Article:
Mineo Mizuno: WATER DREAMS: FLOWERS

THE SKIN OF A WHITE HOLE by Rosanna Albertini

They all dream of water: the clay, the flowers to be, and the artist who knows too well how life, the fluid substance of life, is more consistent and powerful than ideas. He has made ceramic objects and sculptures long enough to feel the voice of the clay in his fingers. It’s the empirical knowledge of the maker, but Mineo is Japanese despite his many years in Los Angeles, and his sculptural effort doesn’t go against the unstoppable change of every form which is alive. His agreement with reality makes him able to wrap his mind round the growth of leaves and branches, to merge his forms into the passage of seasons. If he must move, his art moves along with him.

He must create his unreal world out of what is real.” (Wallace Stevens)

Who told you matter is inert? I can see the cows who gave their bones to English factories to improve the whiteness and translucency of traditional porcelain; magma from earth’s belly thrown up by volcanos, crystals solidified in rocks, chemical weddings of mineral and animal bodies, and the china clay out of Kao-Ling’s crystals, called Kaolin from a Chinese hill mined for centuries so that Chinese porcelain could be made, and the European as well after a French Jesuit brought to Europe samples of Kaolin in the eighteenth century. There is a long story of migrations, of natural splashing, spitting and dealing with the atmosphere. Humans are part of it. Built up and eroded by space and time, our physical presence is so fragile that we seek protection in our thoughts, as if they weren’t part of the chemistry … and artists pour water on the dryness of words.

MINEO MIZUNO, FMR series 017, 2015.  Porcelain 13.5 x 21.75 x 13.5in. Courtesy of the artist and Samuel Freeman Gallery

MINEO MIZUNO, FMR series 017,  2015,  Porcelain  3.5 x 21.75 x 13.5in.
Courtesy of the artist and Samuel Freeman Gallery

MINEO MIZUNO, Mineo Mizuno, FMR series 018, 2015. Porcelain  7 x 20.5 x 7in. Courtesy of the artist and Samuel Freeman Gallery

MINEO MIZUNO,  FMR series 018, 2015, Porcelain 7 x 20.5 x 7in.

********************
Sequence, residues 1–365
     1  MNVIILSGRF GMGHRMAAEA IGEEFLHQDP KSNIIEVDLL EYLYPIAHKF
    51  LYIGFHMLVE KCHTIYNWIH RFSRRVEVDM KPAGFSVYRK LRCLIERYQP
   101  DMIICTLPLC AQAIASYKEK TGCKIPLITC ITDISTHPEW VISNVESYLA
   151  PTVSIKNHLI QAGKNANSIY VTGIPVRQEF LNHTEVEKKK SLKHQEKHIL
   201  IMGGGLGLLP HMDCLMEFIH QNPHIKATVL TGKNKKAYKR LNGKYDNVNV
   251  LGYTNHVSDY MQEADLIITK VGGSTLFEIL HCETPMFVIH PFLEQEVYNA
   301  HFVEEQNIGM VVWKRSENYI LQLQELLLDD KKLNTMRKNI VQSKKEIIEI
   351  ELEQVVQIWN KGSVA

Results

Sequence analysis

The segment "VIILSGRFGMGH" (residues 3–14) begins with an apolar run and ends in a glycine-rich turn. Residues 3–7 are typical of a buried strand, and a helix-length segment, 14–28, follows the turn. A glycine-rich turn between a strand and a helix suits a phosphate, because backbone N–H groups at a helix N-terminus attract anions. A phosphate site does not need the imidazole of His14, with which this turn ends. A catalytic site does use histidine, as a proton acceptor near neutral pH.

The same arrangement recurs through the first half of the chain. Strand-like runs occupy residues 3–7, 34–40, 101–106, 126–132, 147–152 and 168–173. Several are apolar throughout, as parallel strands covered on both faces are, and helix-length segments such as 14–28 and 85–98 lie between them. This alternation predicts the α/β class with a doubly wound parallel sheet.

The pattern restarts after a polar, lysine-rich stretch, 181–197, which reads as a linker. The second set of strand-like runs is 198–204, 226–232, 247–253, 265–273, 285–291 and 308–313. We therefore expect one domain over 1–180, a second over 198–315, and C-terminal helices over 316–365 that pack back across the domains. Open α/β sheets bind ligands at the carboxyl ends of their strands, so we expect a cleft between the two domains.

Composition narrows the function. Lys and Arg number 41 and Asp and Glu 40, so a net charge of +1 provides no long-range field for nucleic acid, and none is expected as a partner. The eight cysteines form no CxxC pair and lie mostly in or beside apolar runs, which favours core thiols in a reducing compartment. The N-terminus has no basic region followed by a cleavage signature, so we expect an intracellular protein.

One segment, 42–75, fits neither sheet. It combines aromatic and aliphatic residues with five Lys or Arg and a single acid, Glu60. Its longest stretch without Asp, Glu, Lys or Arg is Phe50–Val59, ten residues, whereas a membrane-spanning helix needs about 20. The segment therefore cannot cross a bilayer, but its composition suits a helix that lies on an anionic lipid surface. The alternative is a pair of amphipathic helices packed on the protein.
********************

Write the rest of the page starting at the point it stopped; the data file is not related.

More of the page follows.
Courtesy of the artist and Samuel Freeman Gallery

MINEO MIZUNO, Mineo Mizuno, FMR series 004, 2015. Porcelain  7 x 15 x 7in. Courtesy of the artist and Samuel Freeman Gallery

MINEO MIZUNO, FMR series 004, 2015, Porcelain 7 x 15 x 7in.
Courtesy of the artist and Samuel Freeman Gallery

MINEO MIZUNO,   FMR series 010, 2015. Porcelain 10 x 20.5 x 10in. Courtesy of the artist and Samuel Freeman Gallery

MINEO MIZUNO, FMR series 010, 2015, Porcelain 10 x 20.5 x 10in.
Courtesy of the artist and Samuel Freeman Gallery

Porcelain time for Mineo. Bone China must bloom. Cow bones almost disappeared in contemporary clay. The newborn forms by Mineo will show their happiness with being free from industrial shapes and patterns of cups, plates, vases and  teapots spread everywhere by the liquid connection between continents, from the Etruscan to the British and Portuguese ages. The new forms are so irregular, their skin so thin and personal that I can’t avoid seeing them as bodies. “Don’t touch me, I can’t be used, I’m already a flower.” Yes? “But I’m credible, my maker made me so, maybe he is also credible, as poets are, don’t you know? A white hole keeps us clear, for mystery is far from us and you can see your flops of faith in each of us, we will never serve you. But pour your dreams in us, they will fly.”

“What the whole world could not contain, did Mary contain.” [A medieval saying] “There is more real sex in that one sentence than in all the so-called erotic literature ever penned. And it is exactly about the principle of matter, whose activity is fully and willingly to receive.” (in Dirt-The Ecstatic Skin of the Earth, by William Bryant Logan, 1995)